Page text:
I’m sure many of you are eagerly awaiting the next loan instalment to land in your bank account. Hopefully you’re not still awaiting the first instalment after the student loans fiasco.
Now seems a good time to post another set of tips for keeping hold of your cash for as long as you can.
Some of these tips will sound like overkill, but they work if money is particularly tight. You have to choose whether to save money any way possible, or to rack up some extra debt in the name of a good time. It’s up to you!
29 More Money Matters
- Work when everyone else is spending money – Friday evenings, for instance. Or one of the popular student nights in your area. You may miss a good night out, but while everyone else is bleeding money, you’ll be dancing to the tune of the cash register.
- Join an inexpensive club to take up some of your recreation time.
- Learn to say ‘no‘.
- Only attend major gatherings and special events. Anything decided off the cuff and all outings just for the sake of it can be turned down.
- Stop being proud and learn to accept money from your parents. If you are blessed with access to the bank of Mum & Dad, don’t turn it down because you want to pay your own way. Seriously, there are some students out there who think they need to prove a point and go it alone. If you have a cash problem, take off your stubborn hat and accept the offer.
- Don’t dwell on money as the reason why you’re not having fun – if you aren’t happy with your situation, blaming money is an excuse.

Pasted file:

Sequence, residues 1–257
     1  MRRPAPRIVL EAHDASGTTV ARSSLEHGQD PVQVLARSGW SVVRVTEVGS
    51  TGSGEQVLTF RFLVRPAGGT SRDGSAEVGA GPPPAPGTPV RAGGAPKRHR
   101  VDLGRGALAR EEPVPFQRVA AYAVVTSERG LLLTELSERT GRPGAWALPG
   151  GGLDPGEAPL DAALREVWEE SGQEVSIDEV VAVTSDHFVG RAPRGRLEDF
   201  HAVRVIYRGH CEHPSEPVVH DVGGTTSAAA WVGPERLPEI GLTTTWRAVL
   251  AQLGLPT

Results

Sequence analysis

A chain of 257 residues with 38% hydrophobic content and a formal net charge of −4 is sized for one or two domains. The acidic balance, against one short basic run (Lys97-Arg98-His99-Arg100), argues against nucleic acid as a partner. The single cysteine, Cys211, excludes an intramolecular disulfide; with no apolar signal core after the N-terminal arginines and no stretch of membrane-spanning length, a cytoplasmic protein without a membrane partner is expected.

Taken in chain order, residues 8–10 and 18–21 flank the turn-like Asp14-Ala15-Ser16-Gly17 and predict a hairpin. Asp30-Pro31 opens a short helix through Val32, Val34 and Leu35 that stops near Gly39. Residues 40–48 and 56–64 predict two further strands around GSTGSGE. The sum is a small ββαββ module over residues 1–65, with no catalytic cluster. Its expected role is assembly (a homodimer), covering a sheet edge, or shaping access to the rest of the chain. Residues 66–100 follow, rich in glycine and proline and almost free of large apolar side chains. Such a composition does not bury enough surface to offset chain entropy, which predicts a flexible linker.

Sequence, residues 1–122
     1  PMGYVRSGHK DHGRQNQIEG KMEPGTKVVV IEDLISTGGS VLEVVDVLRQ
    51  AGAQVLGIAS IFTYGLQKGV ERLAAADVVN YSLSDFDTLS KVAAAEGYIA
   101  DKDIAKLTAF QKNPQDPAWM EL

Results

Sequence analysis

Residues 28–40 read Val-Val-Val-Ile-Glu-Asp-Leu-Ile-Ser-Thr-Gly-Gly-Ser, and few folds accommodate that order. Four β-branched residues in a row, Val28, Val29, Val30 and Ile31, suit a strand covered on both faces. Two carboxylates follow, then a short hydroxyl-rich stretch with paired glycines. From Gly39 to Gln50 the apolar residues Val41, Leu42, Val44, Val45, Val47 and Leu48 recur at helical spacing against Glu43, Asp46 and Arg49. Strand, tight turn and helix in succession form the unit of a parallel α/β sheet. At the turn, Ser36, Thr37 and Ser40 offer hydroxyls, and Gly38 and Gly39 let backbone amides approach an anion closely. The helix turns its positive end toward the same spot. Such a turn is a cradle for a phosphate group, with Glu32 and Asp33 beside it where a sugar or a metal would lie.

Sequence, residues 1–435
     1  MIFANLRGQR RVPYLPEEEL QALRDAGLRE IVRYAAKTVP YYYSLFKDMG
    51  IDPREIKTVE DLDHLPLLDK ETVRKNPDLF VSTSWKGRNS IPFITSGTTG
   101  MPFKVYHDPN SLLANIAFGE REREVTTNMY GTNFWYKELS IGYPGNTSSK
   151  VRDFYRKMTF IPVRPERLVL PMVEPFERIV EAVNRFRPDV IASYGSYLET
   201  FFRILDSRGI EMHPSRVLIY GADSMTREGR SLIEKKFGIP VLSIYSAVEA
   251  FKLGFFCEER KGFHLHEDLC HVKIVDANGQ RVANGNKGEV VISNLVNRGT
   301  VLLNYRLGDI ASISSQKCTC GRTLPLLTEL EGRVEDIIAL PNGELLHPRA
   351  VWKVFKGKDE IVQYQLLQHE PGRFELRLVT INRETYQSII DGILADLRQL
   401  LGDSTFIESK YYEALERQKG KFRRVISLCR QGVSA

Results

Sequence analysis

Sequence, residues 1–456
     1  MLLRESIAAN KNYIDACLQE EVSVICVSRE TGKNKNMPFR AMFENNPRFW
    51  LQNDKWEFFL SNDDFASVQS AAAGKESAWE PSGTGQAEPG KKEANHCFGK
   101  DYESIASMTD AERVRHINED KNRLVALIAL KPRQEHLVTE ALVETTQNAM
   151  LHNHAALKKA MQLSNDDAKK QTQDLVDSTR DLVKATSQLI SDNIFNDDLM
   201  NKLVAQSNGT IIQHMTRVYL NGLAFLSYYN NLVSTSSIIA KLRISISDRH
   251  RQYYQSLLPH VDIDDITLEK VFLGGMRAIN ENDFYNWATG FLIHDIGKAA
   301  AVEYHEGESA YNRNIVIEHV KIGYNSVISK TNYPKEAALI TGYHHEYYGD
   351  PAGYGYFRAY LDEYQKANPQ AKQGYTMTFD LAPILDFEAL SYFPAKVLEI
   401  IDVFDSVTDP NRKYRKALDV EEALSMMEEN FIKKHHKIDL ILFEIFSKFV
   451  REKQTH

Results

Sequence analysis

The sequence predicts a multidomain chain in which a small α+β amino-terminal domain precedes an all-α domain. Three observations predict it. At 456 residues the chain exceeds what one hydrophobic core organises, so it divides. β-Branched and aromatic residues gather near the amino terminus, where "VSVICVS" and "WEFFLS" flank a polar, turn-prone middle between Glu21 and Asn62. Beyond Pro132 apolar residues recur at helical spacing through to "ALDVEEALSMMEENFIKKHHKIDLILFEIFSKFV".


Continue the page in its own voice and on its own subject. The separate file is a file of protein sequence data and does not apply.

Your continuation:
- Don’t think of loans as free money. You’re more likely to spend the cash if you don’t treat it with extra respect and recognise a loan as a loan.
- Be patient. Even if you can’t resist buying an item, surely you can wait until you can afford it? Unless it’s a limited edition item that’s likely to sell out straight away, what’s the harm in waiting an extra week, or month, or year? Let the initial excitement for the product calm down a little. Not only will the extra time help you gather the necessary funds, but you may also reach a position where the prospect of owning the product isn’t as exciting as you’d previously thought.
- Slap down peer pressure. Your money is precisely that…yours! No matter how much your friends try to persuade you to buy that designer t-shirt, they aren’t the ones looking to buy it. If they’re that bothered, ask them to buy it for you. And don’t fall into the trap of asking mates whether you should buy something that you can’t afford…it’s an excuse. If you can’t afford it, you shouldn’t buy it. But you know there’s a fair chance your friends won’t see it that way. You know that full well!
- Don’t take out cash. For some people, taking out a wodge of cash means the money is already spent. A load of tenners in your pocket can last five minutes if you’re not careful. If the physical presence of money makes you more likely to spend it, use your card when you can instead of taking out the cash.
- Do take out cash. For other people, using a card isn’t like spending money at all. If you fall into this trap, use the cash machine to take out a daily/weekly allowance and try sticking to it. When the lure of spending on the card is too great, don’t take it out with you. Then you can’t use it!